August 23, 2015

Distinguished presidential historian Michael Genovese explains what it takes to be a good president, and he says Donald Trump would not be an effective one. Voting analyst Daniel McGraw says there is a death gap between the two parties, with many more Republican voters checking out than Democrats. And sociologist Andrew Cherlin says only people with decent combined incomes are getting married these days.


  • August 23, 2015 August 23, 2015 Prominent historian Michael Genovese on why Trump would be a terrible president … voting expert Daniel McGraw says Republican voters are dying faster than Democrats … and sociologist Andrew Cherlin links marriage to income.
  • Michael Genovese Michael Genovese One of America’s most distinguished historians, Michael Genovese, describes the powers and limitations of the presidency … and says Donald Trump would find that barking orders is not going to work.
  • Daniel McGraw Daniel McGraw Journalist and voting expert Daniel McGraw says Republicans have an actuarial problem because so many of their voters are older than Democrats. But, he warns, if the Republicans concentrate on economic issues, they may get younger voters to listen to them.
  • Andrew Cherlin Andrew Cherlin Sociologist Andrew Cherlin says there is a marriage gap, with only those couples with the prospect of decent incomes actually legalizing their union.
  • Jim Hightower Jim Hightower Government of, by, and for Big Money.


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August 16, 2015

Fifty years after the Watts riots, we talk today about race as a cultural, not a genetic, artifact and about the history of community organizing to achieve power. Anthropologist Richard Perry tells us there is an upsurge in discredited theories that genes determine how we act. And professor Aaron Schutz reminds us how both President Obama and Hillary Clinton were disciples of the father of community organizing, Saul Alinsky. And Bill Press interviews Energy Secretary Ernest Moniz about the Iran nuclear deal.


  • August 16, 2015 August 16, 2015 Fifty years after the Watts riot, we talk about race and power, with anthropologist Richard Perry and community organizing expert Aaron Schutz. In addition, Bill Press interview Energy Secretary Ernest Moniz.
  • Richard Perry Richard Perry Anthropologist Richard Perry won’t even use the word “race” without quotation marks because it is not a biologically valid category. We are who we are, he says, because of what we have learned.
  • Aaron Schutz Aaron Schutz Professor Aaron Schutz explains the history of community organizing, from its founding father Saul Alinsky through Barack Obama, whom he suggests wanted people to be engaged but then got annoyed when they did.
  • Ernest Moniz Ernest Moniz Bill Press and his guest, Energy Secretary Ernest Moniz.
  • Jim Hightower Jim Hightower You, too, can be part of Scott Walker's inner circle.


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August 9, 2015

Seventy years after the first and only military use of atomic bombs, historian David Kennedy says they proved not to be a useful weapon. And, he says, today’s biggest threat is not nuclear war but climate change. Climate change is on the mind of energy expert Michael Levi, who says that the benefits of President Obama’s new plan to restrict carbon emissions will exceed the costs. And Bill Press interviews North Carolina Congressman David Price on the Iran nuclear agreement.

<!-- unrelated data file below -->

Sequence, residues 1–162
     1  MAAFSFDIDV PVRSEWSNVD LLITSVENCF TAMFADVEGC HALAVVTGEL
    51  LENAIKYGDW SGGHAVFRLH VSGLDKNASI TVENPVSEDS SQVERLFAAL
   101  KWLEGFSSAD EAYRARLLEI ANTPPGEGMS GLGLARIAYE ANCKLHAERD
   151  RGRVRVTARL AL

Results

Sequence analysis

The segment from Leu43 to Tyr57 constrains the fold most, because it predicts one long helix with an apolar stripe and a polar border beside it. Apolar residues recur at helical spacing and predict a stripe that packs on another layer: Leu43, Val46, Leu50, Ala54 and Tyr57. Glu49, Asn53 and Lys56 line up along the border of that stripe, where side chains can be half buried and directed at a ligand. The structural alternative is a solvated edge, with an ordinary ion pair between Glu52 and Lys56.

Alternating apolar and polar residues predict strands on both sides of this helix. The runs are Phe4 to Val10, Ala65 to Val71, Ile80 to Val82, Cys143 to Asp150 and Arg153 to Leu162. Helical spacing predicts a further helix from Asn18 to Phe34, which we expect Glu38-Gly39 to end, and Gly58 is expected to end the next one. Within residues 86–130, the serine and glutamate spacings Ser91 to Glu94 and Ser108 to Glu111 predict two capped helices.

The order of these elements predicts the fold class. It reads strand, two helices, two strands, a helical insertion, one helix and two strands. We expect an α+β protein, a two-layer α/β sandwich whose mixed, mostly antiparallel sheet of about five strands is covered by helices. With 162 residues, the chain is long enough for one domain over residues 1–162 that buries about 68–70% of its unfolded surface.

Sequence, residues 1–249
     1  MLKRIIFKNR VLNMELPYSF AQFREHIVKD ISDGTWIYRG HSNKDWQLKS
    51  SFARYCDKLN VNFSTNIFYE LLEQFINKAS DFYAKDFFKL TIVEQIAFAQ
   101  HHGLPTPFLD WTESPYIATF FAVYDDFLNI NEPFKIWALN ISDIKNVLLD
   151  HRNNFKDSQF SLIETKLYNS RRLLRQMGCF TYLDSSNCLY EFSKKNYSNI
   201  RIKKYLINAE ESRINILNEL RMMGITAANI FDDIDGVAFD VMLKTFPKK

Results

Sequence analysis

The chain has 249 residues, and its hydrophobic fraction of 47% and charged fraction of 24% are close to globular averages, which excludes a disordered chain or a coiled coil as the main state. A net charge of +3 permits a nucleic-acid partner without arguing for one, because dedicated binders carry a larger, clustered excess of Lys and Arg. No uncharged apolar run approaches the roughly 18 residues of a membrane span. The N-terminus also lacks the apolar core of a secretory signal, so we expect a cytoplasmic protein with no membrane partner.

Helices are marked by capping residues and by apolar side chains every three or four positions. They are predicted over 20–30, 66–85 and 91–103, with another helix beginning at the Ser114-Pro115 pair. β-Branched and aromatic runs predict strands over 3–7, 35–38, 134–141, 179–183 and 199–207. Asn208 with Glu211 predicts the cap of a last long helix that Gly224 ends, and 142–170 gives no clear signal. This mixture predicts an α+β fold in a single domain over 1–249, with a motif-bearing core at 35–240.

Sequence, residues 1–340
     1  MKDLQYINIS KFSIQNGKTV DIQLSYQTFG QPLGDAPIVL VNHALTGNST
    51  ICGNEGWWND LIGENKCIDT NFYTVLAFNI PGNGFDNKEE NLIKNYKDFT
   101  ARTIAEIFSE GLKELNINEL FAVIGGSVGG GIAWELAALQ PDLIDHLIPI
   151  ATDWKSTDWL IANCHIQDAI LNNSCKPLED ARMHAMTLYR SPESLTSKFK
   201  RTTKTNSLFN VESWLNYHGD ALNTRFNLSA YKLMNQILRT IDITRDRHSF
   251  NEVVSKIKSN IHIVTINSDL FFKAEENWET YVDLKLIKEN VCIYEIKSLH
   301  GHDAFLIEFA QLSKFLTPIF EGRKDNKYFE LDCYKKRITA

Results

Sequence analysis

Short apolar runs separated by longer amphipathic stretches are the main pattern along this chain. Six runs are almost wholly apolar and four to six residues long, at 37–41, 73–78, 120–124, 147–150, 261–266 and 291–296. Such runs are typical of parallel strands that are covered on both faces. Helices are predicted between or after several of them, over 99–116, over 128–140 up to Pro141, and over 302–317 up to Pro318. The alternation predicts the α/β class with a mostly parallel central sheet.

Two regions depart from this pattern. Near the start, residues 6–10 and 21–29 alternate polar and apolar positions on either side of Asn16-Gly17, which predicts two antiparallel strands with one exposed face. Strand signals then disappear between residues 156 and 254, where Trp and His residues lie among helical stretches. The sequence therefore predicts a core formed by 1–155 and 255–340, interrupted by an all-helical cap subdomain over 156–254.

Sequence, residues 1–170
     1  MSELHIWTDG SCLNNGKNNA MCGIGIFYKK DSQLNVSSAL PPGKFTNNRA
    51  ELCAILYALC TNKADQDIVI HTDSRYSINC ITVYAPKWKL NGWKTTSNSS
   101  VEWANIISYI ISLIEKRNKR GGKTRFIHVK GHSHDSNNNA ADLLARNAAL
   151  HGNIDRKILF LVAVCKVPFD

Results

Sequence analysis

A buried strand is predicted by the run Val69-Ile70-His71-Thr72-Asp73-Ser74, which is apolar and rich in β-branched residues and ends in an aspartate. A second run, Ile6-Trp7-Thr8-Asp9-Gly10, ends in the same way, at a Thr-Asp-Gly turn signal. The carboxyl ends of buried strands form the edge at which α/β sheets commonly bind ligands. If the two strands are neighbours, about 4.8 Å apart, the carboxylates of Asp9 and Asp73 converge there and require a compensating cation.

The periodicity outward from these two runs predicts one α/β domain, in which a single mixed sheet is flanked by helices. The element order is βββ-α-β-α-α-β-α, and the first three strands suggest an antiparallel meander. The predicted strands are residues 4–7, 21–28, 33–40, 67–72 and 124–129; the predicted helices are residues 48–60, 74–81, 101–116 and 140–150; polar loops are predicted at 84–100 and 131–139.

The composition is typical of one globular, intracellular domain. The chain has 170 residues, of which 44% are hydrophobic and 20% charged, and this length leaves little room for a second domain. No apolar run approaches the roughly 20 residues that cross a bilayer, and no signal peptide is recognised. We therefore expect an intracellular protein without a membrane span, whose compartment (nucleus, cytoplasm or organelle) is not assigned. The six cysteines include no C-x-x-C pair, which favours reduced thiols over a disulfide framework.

• August 9, 2015 August 9, 2015 Climate change -- historian David Kennedy says it is the biggest national security threat, and energy guru Michael Levi says renewable energy will not solve the whole problem.
  • David Kennedy David Kennedy Historian David Kennedy says the biggest threat to national security is not terrorism, cyberwarfare or nuclear weapons … rather, it is climate change.
  • Michael Levi Michael Levi Michael Levi, an expert on the effects of carbon emissions on climate change, says he doesn’t think the use of renewable energy will solve the whole problem.
  • David Price David Price Bill Press and North Carolina Congressman David Price discuss the Iran deal.
  • Jim Hightower Jim Hightower "Non-candidate" campaigns dominate 2016 presidential race.


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August 2, 2015

With Hillary Clinton and Bernie Sanders railing against privilege in America, sociologist Isaac Martin reviews how the rich have organized themselves into a powerful lobby. Another sociologist, Caroline Lee, explains the concept of “do-it-yourself democracy” and how it might help with relations between police and civilians. And Bill Press interviews Assistant House Democratic Leader Jim Clyburn.

 

  • Aug. 2, 2015 Aug. 2, 2015 Isaac Martin on rich peoples’ movements, Caroline Lee on “do-it-yourself democracy” and Bill Press with Congressman Jim Clyburn.
  • Isaac Martin Isaac Martin Professor Isaac Martin has studied one particular economic trend in American history and tells us about that, and the topic of his book “The Rich People’s Movements.”
  • Caroline Lee Caroline Lee Sociologist Caroline Lee thinks that the idea of public engagement, or do-it-yourself democracy, can bring people together to transform basic relationships, such as between police and the community.
  • Jim Clyburn Jim Clyburn Bill Press and his guest, Assistant House Democratic Leader Jim Clyburn.
  • Jim Hightower Jim Hightower Don't TPP on me.


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